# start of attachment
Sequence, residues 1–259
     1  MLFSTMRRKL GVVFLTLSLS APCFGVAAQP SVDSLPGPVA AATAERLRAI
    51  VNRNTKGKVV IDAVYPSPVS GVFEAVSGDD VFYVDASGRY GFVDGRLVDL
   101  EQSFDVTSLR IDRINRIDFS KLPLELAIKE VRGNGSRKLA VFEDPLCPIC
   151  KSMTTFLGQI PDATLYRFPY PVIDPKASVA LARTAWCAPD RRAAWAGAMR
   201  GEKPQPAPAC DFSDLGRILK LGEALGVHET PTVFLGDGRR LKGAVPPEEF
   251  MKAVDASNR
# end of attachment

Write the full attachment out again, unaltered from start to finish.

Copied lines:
Sequence, residues 1–259
     1  MLFSTMRRKL GVVFLTLSLS APCFGVAAQP SVDSLPGPVA AATAERLRAI
    51  VNRNTKGKVV IDAVYPSPVS GVFEAVSGDD VFYVDASGRY GFVDGRLVDL
   101  EQSFDVTSLR IDRINRIDFS KLPLELAIKE VRGNGSRKLA VFEDPLCPIC
   151  KSMTTFLGQI PDATLYRFPY PVIDPKASVA LARTAWCAPD RRAAWAGAMR
   201  GEKPQPAPAC DFSDLGRILK LGEALGVHET PTVFLGDGRR LKGAVPPEEF
   251  MKAVDASNR